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Fun Facts for Downhill Skiing

author image Michael Brent
Michael Brent is an experienced magazine writer and editor who has written for various publications. He holds a Bachelor of Arts from the University of Winnipeg and has studied journalism at Ryerson University.
Fun Facts for Downhill Skiing
A man is downhill skiing. Photo Credit Jupiterimages/Stockbyte/Getty Images

Humans have used skis as a means of transportation for thousands of years, and ancient cave and rock art indicates that the use of skis to travel down hills predates recorded history. The history of downhill skiing is long and fascinating, and there are numerous fun facts about this popular winter sport.

Skiing History

Humans have been strapping pieces of wood to their feet for more than 5,000 years, according to the website of the 2002 Salt Lake City Paralympic Winter Games. Historians believe that people in what is now Norway were the first to use skis as a way to traverse snow-covered terrain while hunting. The use of skis gradually expanded throughout Scandinavia and then to Russia as a means of transportation across snow, but eventually evolved into a sport similar to what is now cross-country skiing. Downhill skiing grew from cross-country skiing somewhere in the early 1700s. Around this time, downhill skiers in the Telemark area of Norway invented the Telemark turn and the Christiana — now called Christie — turn to control their speed during downhill descents.

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Early Downhill Racing

The first recorded downhill skiing race in Europe took place in 1879 in Sweden, according to the Trivia-Library website. However, the site also claims that downhill competitions took place as early as 1861 in La Porte, California, with participants such as Jimmy "Snowshoe" Thompson competing in these early races. During the 1860s, however, downhill racing skis were called snowshoes and ranged from 10 feet to 25 feet in length. Records from that era list Frank Woodward as having made a straight downhill run — known as a "schuss" — covering 1,950 feet in 17 seconds. Records also show that Tommy Tood reached speeds approaching 90 miles an hour when he schussed 1,804 feet in 14 seconds.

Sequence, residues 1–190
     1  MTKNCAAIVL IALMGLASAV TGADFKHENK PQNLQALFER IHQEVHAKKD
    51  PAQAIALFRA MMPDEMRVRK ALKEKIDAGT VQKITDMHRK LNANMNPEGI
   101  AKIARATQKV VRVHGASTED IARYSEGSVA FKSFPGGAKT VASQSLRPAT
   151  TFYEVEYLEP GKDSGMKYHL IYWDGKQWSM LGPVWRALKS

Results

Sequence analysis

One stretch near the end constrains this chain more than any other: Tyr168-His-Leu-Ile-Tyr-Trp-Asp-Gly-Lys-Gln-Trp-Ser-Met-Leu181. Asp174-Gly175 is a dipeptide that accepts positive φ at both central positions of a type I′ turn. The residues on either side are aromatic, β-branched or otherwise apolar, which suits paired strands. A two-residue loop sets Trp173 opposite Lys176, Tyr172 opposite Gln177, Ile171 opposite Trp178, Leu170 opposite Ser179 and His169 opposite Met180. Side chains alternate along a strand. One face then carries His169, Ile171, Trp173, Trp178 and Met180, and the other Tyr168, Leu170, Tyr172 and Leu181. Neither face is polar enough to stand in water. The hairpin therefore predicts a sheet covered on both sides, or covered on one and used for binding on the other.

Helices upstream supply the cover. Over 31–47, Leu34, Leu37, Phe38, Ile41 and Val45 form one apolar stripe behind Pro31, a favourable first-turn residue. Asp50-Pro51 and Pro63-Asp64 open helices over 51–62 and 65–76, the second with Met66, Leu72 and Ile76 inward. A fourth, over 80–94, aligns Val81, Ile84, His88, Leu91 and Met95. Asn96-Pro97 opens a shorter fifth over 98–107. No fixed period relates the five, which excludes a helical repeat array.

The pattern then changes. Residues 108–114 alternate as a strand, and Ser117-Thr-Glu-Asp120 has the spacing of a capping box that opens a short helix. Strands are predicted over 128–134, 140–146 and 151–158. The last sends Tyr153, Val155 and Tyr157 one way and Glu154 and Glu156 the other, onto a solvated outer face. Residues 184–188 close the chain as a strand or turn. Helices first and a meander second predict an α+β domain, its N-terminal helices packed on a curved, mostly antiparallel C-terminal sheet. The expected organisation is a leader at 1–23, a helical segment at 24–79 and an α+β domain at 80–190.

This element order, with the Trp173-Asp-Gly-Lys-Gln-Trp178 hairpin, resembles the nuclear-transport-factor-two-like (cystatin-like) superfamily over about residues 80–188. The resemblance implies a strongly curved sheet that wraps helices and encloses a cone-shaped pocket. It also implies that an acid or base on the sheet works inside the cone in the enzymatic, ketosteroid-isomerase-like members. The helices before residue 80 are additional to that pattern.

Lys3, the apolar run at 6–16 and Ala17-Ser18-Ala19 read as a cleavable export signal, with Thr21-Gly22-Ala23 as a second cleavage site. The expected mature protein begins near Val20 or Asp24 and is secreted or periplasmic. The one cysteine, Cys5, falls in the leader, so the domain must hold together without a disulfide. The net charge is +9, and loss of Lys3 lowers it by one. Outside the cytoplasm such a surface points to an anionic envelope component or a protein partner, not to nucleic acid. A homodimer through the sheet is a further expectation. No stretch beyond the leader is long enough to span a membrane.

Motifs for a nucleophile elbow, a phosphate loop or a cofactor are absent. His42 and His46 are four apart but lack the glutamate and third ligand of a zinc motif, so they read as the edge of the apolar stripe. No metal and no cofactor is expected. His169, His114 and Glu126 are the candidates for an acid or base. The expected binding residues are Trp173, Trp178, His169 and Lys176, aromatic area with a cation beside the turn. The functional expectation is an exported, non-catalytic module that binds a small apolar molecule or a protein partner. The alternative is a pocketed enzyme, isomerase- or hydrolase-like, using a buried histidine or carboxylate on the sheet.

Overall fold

The Snurfer

In 1965, chemical engineer Sherman Poppen came up with the idea to strap two downhill skis together as a toy for his daughter. He dubbed his invention "the Snurfer," and attached a rope at the nose so the rider could hold it and keep the Snurfer stable while skiing downhill. After several requests for Snurfers from his daughter's friends, Poppen licensed his new idea to a manufacturer as a children's toy, and more than a half-million Snurfers were sold in 1966.

Toughest Downhill Course

According to the Fun Trivia website, competitive skiers consider the course at Kitzbühel, in Tyrol, Austria, to be the toughest in the world. Most skiers on the World Cup tour consider the Hahnenkamm races at Kitzbuhel to be the highlight of the tour. The race has been held each year since 1967 and finishes with the treacherous "Streif" run that ends near the center of the city. For a skier, one of the highest honors in the sport of downhill racing is to win a race at Kitzbühel.

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